Australia: “Terror case” against university employee falls apart

By Erika Zimmer
2 October 2018

Mohammad Kamer Nilar Nizamdeen, a University of New South Wales (UNSW) employee accused in August of preparing “lone-wolf” terror attacks, was granted bail last week after the chief piece of evidence against him fell apart.

The ruling is a serious blow to the government’s bogus “anti-terror” campaign, and an indictment of corporate media outlets that uncritically repeated police claims that Nizamdeen was plotting to assassinate politicians and attack well-known landmarks.

The 25 year-old contract business analyst and commerce graduate at Sydney’s UNSW campus was arrested on August 30, allegedly after a tip-off from a fellow employee who handed in a notebook supposedly belonging to Nizamdeen. The following day, at 2am, police raided his home. He was later charged with terror-related offenses.

In Sydney’s Central Local Court last Friday, the prosecution admitted that handwriting analysis of the notebook was inconclusive. Magistrate Robert Williams stated: “The Crown has conceded… the notebook is the main evidence which is relied upon.”

Nizamdeen’s defence solicitor, Moustapha Kheir, said outside the court: “The case against [my client] is extremely weak, almost non-existent.”

Nizamdeen had appeared in court via video link. For the previous four weeks, he had been consigned to solitary confinement in a maximum security prison as an alleged “terrorist.”

In what has become a regular media staple, his arrest immediately triggered a barrage of frenzied coverage, aimed at creating an atmosphere of crisis. Vague and unsubstantiated police accusations were broadcast, with corporate outlets seeking to convince the public that Nizamdeen, who has never previously been charged with a crime, posed a grave threat to society.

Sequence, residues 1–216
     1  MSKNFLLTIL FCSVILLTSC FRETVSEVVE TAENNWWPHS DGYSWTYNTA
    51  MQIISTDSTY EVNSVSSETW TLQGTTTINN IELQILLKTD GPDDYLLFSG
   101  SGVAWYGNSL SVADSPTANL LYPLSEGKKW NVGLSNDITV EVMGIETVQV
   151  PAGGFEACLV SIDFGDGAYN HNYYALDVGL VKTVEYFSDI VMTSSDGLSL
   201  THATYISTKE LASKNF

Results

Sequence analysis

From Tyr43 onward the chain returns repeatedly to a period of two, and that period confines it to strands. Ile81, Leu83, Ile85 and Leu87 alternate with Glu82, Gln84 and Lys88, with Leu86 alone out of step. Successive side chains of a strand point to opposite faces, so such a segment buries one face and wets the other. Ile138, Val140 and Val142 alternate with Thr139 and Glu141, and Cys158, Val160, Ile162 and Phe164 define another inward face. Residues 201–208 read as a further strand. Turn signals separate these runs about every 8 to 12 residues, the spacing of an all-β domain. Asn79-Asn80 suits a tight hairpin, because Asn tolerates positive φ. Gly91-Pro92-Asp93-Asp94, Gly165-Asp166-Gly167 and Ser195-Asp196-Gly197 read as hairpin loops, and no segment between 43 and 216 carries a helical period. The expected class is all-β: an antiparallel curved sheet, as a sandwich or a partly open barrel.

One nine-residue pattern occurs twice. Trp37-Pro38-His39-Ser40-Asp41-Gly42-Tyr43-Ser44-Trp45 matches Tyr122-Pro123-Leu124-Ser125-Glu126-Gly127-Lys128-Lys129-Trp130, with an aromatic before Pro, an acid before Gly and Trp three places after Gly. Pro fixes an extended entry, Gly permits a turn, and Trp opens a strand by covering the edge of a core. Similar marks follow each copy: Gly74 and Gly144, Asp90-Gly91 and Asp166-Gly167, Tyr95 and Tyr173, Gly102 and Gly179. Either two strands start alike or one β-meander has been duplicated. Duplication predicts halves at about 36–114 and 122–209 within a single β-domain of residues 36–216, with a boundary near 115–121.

The news bulletin of Channel 10, one of the country’s largest televisions networks, blared: “He looks like a squeaky clean student but our top anti-terror police claim that Mohammad Kamer Nilar Nizamdeen is a dangerous lone-wolf hiding in plain sight at the University of New South Wales.”

The Murdoch-owned Australian newspaper baldly asserted that Nizamdeen had targeted the former prime minister and foreign minister, headlining a September 1 article, “Malcolm Turnbull, Julie Bishop on ISIS-linked student’s list.”

In reality, no proof was ever provided that Nizamdeen had ties to the ISIS terror organisation. Police made vague claims that the notebook indicated he had “planned to associate” with the group. The media made no attempt to square the contradiction between claims that he was affiliated to a terror group and descriptions of him as a “lone wolf.”